What sort of "issues" can the AI anticipate as it relates to a user's RTW airfare queries?

The virtual agent tries to plot an itinerary that complies with all the fare rules. If this is not possible, it will inform the customer in real-time as fare rule violations arise and offer them options for resolving the problem.

For example, the fare rules allow only a certain number of flight segments within a given continent, including connecting flights. The virtual agent will try all possibilities for following this rule, such as ordering the cities in that continent to minimise connecting flights.

If this is not possible, it will explain the rule to the customer and offer them the option of dropping a minimal number of cities from their itinerary.

Another possible issue is flight availability. Not every city is connected to every other city on every day. The virtual agent automatically tries a variety of city orderings and arrival/departure dates to find an itinerary that works, all while following the fare rules and the customer’s stated preferences. If none of these possibilities work, the system will explain the problem to the customer and offer different ways they can modify their itinerary to get to a bookable itinerary.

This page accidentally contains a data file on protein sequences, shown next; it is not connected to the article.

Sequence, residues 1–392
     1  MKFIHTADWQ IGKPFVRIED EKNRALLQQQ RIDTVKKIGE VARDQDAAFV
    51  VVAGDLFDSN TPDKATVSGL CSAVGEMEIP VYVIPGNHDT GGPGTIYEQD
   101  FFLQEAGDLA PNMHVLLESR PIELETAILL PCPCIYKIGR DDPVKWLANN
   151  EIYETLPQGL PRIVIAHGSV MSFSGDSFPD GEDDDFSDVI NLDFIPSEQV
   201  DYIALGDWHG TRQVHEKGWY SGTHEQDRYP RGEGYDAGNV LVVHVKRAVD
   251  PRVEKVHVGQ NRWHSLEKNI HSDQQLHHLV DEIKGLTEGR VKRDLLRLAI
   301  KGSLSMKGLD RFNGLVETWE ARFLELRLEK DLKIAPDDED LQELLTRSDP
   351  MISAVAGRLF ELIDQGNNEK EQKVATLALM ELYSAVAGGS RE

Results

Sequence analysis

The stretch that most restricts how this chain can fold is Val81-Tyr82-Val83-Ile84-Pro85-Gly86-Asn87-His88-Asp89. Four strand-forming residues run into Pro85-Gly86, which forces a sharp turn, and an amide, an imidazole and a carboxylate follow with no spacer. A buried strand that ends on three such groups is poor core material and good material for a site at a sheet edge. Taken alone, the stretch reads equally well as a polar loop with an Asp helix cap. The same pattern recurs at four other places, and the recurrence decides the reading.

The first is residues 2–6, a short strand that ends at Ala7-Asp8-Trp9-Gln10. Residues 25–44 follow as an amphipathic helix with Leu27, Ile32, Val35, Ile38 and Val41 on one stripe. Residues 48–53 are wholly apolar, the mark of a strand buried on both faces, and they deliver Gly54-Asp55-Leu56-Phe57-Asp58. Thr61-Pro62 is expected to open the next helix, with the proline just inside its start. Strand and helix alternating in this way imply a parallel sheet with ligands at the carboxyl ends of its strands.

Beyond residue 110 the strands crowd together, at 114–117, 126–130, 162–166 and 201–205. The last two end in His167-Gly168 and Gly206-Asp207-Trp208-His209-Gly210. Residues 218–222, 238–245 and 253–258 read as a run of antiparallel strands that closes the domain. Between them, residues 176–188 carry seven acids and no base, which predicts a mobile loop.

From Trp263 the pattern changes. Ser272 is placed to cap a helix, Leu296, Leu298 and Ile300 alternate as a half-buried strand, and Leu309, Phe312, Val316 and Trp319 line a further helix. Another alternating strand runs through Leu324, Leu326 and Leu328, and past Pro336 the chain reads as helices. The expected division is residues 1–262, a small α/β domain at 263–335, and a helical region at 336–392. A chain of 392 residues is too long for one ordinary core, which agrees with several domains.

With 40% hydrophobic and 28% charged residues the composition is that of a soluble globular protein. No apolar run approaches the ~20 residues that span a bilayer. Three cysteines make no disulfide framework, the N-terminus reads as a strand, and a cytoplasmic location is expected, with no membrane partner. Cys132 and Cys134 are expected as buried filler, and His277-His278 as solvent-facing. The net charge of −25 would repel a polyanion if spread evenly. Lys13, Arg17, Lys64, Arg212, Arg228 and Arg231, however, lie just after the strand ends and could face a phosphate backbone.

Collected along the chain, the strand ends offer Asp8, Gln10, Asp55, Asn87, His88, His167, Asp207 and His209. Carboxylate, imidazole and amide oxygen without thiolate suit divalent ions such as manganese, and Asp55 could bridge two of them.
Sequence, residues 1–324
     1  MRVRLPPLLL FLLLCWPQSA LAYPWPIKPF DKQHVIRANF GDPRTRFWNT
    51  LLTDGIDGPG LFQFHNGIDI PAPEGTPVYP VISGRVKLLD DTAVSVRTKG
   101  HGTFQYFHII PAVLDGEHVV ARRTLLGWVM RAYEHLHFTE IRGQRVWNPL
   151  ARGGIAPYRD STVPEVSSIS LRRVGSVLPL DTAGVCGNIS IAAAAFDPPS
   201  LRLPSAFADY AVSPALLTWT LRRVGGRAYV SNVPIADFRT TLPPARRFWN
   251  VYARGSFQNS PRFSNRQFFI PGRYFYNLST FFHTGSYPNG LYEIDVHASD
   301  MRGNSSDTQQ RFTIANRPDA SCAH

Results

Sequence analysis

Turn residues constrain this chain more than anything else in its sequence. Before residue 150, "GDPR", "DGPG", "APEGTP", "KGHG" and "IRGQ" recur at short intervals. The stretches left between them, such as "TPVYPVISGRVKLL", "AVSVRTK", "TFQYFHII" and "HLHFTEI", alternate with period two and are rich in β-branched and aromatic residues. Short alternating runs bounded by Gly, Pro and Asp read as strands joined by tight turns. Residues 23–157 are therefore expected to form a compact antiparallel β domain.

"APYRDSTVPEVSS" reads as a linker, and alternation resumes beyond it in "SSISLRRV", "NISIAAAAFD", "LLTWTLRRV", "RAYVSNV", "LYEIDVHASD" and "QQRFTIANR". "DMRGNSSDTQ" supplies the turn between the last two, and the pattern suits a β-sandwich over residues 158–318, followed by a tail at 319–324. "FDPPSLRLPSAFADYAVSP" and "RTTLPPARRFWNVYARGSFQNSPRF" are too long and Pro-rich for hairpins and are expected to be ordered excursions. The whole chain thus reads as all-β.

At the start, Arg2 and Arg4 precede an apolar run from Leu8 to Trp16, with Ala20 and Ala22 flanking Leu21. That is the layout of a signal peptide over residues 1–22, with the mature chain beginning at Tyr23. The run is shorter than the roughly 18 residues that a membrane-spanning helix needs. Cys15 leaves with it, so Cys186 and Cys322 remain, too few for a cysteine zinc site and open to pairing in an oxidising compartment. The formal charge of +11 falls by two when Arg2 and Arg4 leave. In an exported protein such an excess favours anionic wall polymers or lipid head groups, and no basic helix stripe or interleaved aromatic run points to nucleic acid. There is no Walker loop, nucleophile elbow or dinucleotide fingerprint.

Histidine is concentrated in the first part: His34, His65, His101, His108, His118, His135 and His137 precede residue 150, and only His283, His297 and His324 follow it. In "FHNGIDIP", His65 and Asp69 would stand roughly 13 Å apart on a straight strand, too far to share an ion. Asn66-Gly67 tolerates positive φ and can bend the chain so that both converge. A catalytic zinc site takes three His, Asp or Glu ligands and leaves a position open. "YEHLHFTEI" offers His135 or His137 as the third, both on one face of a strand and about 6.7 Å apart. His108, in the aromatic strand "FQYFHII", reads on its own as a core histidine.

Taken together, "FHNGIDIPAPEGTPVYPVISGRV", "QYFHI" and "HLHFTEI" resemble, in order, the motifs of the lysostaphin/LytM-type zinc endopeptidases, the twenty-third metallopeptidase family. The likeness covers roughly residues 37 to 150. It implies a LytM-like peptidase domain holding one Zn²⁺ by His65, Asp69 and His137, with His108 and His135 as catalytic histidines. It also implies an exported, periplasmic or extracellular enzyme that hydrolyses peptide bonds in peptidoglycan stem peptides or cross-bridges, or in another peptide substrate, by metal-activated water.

Finally, customers sometimes make ambiguous requests. For example, “San Jose” may mean California or Costa Rica. The virtual agent spots when this occurs and asks for clarification before acting on the user’s request. 

What is the rollout timeframe for this AI onto the Oneworld website? When will everyday consumers see it live?

We are currently in a public beta on the Oneworld website. Anyone can use the virtual agent at https://rtw-va.oneworld.com/.


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Written by: Matt Lennon
Published: 13 July 2023